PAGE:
In the 1960s, executives were spending less than 10 hours in meetings each week. Fast forward to the present, however, and those in managerial positions are now spending almost 23 hours a week in them, on average.
Meetings are ingrained in corporate culture. Yet when misused, they can also be a complete drain on a company’s output.
A US study released earlier this year found that when two meeting-free days were enforced each week, employee productivity increased by 71%. The study also found other advantages of reduced meetings, including a significant increase in staff communication, engagement, and satisfaction. Additionally, a reduction in micromanagement and stress was also reported.
So, how can you eliminate unnecessary meeting time in order to reap the same benefits for you and your team? We’ve included our top tips below.
Use an App for Time Tracking
In order to reduce the time your team spends in unnecessary meetings, it’s important to first determine how many hours are being spent doing this each week.
Time Tracker by eBillity can be used to track the exact amount of time your organization spends in meetings. You may be surprised by how many hours are being accrued — especially when you track those impromptu gatherings that haven’t been scheduled. This then helps you to set a realistic goal for the number of meeting hours you want to reduce.
Time tracking also allows you to see how employees are spending their time throughout the workday, including those who work offsite. With access to this data, you can also determine if the time spent in meetings is necessary, or a hindrance to your project’s bottom line.
Technology has become an integral part of our day-to-day lives, especially within the workplace. It allows us to connect remotely, chat in real-time, and distribute information at the click of a button.
As technology continues to evolve, and our reliance on it grows, it makes sense that we can utilize it to cut down on unnecessary meetings.
Applications such as G Suite and Office 365 allow workers to collaborate remotely, while sites such as Trello and Asana allow for easy project management. Slack and Zoom, on the other hand, can be used for instant messaging or video calls. Finally, email shouldn’t be overlooked for its ease of communication and information exchange.
Unlike in-person meetings, technology can also make it easier for team members to have access to all of the project-related information, without the need to take notes.
Executives need to ask themselves, can the issue be resolved in a few minutes via email? If the answer is yes, forgo the thirty-minute meeting and allow your team members to spend that time on other tasks instead.
Swap Unnecessary Meetings for Quick Status Reports
It’s important to keep on track of team progress when working on a large project. However, a quick status report – rather than a lengthy meeting – can provide the same information in a fraction of the time.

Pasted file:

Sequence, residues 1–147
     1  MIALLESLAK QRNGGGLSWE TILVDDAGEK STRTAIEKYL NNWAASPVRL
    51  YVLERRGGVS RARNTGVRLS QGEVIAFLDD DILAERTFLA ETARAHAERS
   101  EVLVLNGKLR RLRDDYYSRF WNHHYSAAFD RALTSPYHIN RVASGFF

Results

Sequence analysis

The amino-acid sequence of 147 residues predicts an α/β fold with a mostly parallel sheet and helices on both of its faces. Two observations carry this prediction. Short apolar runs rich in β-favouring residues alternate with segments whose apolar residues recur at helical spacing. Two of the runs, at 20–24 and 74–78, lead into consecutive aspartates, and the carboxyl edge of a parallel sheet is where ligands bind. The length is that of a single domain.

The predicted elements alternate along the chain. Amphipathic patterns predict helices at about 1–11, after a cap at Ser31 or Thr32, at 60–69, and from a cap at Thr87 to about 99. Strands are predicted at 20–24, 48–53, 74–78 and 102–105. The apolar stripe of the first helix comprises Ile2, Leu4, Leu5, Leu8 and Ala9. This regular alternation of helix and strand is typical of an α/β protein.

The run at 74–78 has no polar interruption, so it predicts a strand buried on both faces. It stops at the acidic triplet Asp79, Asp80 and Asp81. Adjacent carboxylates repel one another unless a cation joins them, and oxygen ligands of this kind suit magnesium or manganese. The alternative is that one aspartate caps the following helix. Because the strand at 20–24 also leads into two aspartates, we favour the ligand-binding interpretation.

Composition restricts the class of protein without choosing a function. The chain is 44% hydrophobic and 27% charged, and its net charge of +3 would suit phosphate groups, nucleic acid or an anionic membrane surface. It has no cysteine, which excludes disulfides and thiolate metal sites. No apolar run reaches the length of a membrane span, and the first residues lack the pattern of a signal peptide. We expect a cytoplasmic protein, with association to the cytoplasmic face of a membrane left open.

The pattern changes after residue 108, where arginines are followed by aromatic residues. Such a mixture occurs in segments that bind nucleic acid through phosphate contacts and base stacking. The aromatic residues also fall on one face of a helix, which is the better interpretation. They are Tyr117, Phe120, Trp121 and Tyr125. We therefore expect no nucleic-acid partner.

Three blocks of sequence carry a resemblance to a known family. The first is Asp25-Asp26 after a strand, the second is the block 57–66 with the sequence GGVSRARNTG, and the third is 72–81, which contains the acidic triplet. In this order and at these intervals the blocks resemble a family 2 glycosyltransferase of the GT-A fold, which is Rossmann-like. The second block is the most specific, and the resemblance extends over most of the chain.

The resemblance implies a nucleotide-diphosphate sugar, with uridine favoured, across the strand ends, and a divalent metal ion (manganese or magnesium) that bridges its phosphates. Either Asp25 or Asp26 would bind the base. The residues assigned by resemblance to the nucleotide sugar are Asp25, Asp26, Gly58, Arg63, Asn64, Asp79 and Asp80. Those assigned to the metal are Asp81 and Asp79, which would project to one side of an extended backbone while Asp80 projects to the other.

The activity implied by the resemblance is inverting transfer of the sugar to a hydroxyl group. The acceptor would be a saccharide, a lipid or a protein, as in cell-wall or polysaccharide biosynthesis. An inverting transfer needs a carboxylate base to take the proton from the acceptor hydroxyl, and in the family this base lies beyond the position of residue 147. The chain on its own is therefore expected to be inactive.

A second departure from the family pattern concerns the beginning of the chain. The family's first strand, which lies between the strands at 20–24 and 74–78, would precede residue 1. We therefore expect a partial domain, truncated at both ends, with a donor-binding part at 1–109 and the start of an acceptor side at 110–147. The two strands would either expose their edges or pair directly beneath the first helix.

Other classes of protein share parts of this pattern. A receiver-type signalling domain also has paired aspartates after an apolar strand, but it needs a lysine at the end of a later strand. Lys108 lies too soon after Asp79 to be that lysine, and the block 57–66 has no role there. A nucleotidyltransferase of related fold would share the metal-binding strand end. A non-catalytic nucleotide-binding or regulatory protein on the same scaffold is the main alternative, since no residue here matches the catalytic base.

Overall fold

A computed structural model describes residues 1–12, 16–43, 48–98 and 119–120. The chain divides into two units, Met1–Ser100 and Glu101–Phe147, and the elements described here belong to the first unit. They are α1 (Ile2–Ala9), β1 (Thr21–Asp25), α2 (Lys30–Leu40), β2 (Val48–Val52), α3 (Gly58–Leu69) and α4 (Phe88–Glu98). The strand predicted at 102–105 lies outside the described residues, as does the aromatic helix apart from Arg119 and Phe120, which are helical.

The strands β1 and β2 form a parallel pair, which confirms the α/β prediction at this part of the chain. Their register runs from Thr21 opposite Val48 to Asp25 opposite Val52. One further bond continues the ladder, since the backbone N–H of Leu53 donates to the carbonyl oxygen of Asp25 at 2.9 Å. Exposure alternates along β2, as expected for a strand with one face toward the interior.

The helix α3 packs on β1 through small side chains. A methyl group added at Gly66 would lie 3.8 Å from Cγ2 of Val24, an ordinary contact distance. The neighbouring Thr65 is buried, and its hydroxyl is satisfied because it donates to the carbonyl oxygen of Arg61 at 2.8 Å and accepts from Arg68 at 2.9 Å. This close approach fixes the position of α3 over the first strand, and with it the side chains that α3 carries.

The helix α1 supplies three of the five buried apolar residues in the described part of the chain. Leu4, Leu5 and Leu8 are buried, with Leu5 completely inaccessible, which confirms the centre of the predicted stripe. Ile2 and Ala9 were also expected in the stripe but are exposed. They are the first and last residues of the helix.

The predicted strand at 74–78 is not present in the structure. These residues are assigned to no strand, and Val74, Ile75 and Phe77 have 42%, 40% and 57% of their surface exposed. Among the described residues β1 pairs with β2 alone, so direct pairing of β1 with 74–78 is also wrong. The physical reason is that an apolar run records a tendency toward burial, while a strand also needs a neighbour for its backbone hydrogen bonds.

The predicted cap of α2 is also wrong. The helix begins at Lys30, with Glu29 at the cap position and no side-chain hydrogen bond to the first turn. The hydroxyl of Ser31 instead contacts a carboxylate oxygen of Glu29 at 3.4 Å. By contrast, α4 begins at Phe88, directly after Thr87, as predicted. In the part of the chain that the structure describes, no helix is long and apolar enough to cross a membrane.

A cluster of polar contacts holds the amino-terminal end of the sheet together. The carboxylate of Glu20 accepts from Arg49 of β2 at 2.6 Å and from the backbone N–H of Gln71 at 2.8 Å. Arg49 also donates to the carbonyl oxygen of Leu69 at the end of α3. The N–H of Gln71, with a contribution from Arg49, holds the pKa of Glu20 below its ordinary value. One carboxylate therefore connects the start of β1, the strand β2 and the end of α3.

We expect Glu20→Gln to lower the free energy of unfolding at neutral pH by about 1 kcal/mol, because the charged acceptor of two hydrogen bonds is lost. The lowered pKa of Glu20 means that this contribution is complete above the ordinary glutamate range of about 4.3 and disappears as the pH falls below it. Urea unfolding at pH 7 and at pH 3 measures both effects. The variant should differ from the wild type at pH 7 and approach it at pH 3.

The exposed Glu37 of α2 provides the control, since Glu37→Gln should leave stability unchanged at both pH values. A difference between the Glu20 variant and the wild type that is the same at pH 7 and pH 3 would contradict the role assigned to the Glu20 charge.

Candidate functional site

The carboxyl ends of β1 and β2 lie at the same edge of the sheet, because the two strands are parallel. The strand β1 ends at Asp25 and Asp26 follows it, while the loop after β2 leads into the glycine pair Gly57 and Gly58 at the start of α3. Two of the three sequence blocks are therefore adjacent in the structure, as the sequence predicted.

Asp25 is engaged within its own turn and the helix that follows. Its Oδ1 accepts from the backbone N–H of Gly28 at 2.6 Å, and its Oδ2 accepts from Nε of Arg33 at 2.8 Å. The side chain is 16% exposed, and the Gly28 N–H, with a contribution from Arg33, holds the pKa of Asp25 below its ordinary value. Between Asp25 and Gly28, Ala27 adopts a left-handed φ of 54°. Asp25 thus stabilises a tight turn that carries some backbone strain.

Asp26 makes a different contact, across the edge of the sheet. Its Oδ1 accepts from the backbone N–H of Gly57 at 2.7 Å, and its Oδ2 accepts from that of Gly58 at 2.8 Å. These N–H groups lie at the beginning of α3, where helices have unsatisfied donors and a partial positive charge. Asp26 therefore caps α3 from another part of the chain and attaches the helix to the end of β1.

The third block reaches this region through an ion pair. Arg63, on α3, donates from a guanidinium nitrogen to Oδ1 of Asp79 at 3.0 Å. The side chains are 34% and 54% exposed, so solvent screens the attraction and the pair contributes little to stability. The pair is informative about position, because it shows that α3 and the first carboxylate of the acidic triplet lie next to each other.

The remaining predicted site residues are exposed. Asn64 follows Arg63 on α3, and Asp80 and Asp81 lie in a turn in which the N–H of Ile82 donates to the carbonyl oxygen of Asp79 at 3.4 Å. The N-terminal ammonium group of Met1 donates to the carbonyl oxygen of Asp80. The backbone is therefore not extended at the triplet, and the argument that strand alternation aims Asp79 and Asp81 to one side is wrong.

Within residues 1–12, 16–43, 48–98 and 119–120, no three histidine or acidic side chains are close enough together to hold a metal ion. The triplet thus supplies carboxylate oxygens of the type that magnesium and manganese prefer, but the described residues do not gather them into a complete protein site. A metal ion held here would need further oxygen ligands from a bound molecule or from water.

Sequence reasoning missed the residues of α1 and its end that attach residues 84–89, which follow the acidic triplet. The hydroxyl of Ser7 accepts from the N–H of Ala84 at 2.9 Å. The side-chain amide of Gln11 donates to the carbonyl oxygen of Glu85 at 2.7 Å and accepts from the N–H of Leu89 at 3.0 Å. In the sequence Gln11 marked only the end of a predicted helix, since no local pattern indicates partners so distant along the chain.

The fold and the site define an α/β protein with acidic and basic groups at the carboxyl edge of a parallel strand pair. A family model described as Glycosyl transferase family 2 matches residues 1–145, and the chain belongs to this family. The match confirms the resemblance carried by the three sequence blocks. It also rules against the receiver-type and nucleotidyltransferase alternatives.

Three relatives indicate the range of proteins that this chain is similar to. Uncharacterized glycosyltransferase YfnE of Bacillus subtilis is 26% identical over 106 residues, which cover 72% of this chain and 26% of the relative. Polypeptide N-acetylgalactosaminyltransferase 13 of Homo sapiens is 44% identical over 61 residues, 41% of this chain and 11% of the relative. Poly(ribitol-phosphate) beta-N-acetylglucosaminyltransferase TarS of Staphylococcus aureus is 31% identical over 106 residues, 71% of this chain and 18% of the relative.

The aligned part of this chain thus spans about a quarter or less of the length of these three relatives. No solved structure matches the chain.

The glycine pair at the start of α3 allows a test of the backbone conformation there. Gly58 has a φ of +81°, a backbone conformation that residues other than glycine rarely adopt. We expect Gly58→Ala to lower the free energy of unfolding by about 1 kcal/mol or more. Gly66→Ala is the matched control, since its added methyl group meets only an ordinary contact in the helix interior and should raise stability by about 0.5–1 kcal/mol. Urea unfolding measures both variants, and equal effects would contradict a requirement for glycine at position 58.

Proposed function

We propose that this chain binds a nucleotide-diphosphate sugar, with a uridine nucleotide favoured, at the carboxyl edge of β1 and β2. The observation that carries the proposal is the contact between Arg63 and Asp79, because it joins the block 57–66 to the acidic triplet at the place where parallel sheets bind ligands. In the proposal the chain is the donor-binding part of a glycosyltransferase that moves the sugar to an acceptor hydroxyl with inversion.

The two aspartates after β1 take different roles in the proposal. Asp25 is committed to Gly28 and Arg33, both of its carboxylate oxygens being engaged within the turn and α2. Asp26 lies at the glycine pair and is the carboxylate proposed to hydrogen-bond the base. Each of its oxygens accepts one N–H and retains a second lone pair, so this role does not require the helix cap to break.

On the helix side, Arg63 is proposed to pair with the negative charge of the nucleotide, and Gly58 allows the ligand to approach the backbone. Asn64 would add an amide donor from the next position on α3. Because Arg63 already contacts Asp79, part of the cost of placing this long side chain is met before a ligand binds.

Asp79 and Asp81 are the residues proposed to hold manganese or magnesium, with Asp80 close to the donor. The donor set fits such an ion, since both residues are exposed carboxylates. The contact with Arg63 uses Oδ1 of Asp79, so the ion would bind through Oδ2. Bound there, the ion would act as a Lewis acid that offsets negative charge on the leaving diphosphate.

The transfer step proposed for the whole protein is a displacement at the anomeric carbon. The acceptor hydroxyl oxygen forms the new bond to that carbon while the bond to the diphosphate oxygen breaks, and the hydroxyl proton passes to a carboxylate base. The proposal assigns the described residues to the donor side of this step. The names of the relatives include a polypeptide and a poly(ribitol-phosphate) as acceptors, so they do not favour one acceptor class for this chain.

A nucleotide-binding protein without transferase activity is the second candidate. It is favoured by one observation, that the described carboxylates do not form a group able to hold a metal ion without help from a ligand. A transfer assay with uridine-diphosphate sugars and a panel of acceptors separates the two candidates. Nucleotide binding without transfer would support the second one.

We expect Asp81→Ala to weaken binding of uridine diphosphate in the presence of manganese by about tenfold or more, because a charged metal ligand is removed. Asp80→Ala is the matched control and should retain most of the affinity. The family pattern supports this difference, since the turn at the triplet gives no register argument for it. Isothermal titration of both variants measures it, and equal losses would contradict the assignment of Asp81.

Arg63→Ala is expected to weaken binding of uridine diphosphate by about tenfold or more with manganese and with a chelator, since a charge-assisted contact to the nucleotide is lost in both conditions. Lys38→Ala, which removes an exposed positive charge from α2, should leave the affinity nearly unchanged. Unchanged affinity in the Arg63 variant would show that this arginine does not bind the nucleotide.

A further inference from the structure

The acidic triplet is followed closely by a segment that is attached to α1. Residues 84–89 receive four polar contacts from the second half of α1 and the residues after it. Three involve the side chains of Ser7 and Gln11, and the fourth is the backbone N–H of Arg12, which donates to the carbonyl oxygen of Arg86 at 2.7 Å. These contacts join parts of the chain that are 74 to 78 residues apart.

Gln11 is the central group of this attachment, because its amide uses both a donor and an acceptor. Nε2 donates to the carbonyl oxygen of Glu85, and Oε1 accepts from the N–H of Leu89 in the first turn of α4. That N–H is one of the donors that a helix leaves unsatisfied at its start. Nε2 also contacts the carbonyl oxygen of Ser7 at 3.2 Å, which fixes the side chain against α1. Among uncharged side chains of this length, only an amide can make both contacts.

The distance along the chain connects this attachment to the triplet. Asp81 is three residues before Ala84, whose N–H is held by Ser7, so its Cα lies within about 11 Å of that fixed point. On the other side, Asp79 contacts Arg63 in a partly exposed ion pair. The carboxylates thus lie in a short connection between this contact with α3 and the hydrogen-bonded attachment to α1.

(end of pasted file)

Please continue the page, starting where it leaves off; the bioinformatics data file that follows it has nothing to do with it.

Project reports provide high-level information regarding project progress. They allow team members to see what’s on track and what’s coming up next, at-a-glance.
In contrast to in-person meetings, project status reports are provided through a centralized platform that team members may access virtually. They can revisit the information or delve deeper into the project as needed.
Set ‘No Meeting’ Days
Earlier, we mentioned that having two meeting-free days per week increases productivity by an impressive 71%. If the idea of reducing meetings to just three days each week is overwhelming, not all is lost. The same study showed that even having just one meeting-free day per week can boost employee productivity by 35%.
Doing so allows workers to have at least one day per week when they can achieve deep work due to fewer interruptions. The phrase “deep work” refers to setting aside time for intentional and highly concentrated work. By conducting their activities in a state of distraction-free focus, employees can push their cognitive capabilities to their limits.
Try a Stand-Up Instead
The stand-up method is very popular among tech companies, however other industries are starting to see its benefits too. A stand-up is a quick and regular status meeting where workers report on what they’ve just completed, what they’ll be accomplishing next, and what difficulties they think may arise — all while standing up.
While some find that standing up helps the meeting remain brief, you can replicate these same results in any setting, even while sitting down. You can even swap the formal meeting room for a coffee shop or park for a change of scenery.
Give each team member 30 seconds to one minute to speak. You can also use a timer to help individuals adjust to the shortened time frame and to hold them accountable.
Set a Clear Purpose and Goal for Each Meeting
Without having a clear agenda in place, a meeting can easily drag out unnecessarily, wasting everyone’s time. That’s why it’s a great idea to determine the purpose and goal of each meeting before it’s held.
Have a specific reason for holding the meeting and write down what needs to be accomplished and when. By allocating a time limit to the meeting (and ensuring everyone adheres to it), you can also make your meeting as time-efficient as possible.
In some cases, you may even find that a meeting isn’t needed and instead opt for a stand-up, progress report, or simple email.
Your Team’s Time is Valuable
Meetings are a necessary part of a company’s culture. However, reducing the time spent in meetings can increase their effectiveness, while giving employees more time back for completing vital tasks.
How much time could your company be wasting in superfluous meetings? Try eBillity’s free, 14-day Time Tracker trial to find out.